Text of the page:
—That which is kept on hold—that waits, in suspension, that lingers in abeyance.
—That which is kept in the hold—secrets, stowaways, the fugitive and our fugitivity.
—The matter at hand, our lingual pool.
—The material we treat and tend to as we tend towards staking positions of our own.
—The lexicons we prod and produce.
—The devices we use to look through, to zoom in or out, enlarge and bring close. A means to focus and refocus, through which the material of a life or one’s language can be refracted.
—The object of focus, in sight, at hand. Both the mould and that which gets moulded in turn. Malleable and tender, it may be tended by both corresponding and discordant subjects, tethered by, or cut loose from its promise of concreteness.
—Resist the slide into objectification. Be both wary and aware of the detachments and distances furrowed through objectivity.
—Tilt the syllabic emphasis of object, as Jeanette Winterson does, to think through what we are told we ought to be and how we ought to write, so that we may object to that which is taken as given or is too readily given to, that is imposed upon, us.
—To be poised and ready.
—The balance we find in the positions we lean into, the composure of ourselves in and as our compositions.
—The postures we perform and appropriate and thus risk losing ourselves within, described by Clara on day one.
—To harbour other voices, to speak in ways that might not yet be understood.
—To think other than a proprietary notion of the self—other than a self that must contain itself, comport itself, that exercises the exclusivity of ownership, sealed up by impermeable borders of sovereignty despite the permeability of skin.
—As Bayo Akomolafe says while ruminating on possession, ‘we are composite creatures’ such that, ‘To be a proper self is to be beside oneself.’
—The undergarment that smoothes the friction between the body and its outer layers.
—Slips of the tongue and that which slips or slides on or off the page, in and out of margins, before and after annotations. The slipperiness of language and the slippages between selves. That which slips by and slips out.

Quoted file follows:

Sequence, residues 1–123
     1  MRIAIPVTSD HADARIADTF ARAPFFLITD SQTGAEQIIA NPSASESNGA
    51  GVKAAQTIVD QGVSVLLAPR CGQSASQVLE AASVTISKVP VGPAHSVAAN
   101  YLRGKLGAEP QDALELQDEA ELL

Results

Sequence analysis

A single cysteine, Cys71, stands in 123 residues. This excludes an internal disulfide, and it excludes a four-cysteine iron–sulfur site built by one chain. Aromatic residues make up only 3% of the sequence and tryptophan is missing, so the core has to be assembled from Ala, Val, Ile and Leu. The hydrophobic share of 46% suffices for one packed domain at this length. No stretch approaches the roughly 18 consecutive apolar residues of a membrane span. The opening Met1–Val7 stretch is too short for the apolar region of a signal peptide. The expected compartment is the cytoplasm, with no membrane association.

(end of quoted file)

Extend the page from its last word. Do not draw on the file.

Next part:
—To trace an outline, by way of contours and edges, as one does with a pencil on paper that is translucent and opaque. The beginnings of forging definition.
—The residue and the remnants, that which lingers or remains—of the experience, of the object, perhaps a memory, a feeling, a sliver of your self that no longer feels like yourself, which might be a self to write with or from, to or through.
—A different kind of line. The kind that leads on a map to somewhere, which leaves a trail that can then be followed.
—To track as a means of pursuing or following, a keeping track of something or someone else, or simply of the litanies produced by the self.
—Writing as a vessel for our stories and our selves. These vessels, these containers we construct, come in many forms: a box, a bag, a tale, a life…
—The you to whom we write, even when we write only for ourselves and to our selves.
—‘You’ as the counterpart to ‘I.’ The ‘you’ that dwells in ‘I’, as another, as the other, and as one of the many facets that constitute the porous selves that we are. Selves that are cobbled together and constructed. Selves that wend their way through the world, sifting through the words at their disposal, gathering the content and discontents of their lives so that they can be shaken, filtered and refined through writing and language, those variable meshes of the self.
Sara O’Brien is Winner of The Yellow Paper Prize and Recipient of the GSA Foulis Medal for Outstanding Achievement, 2021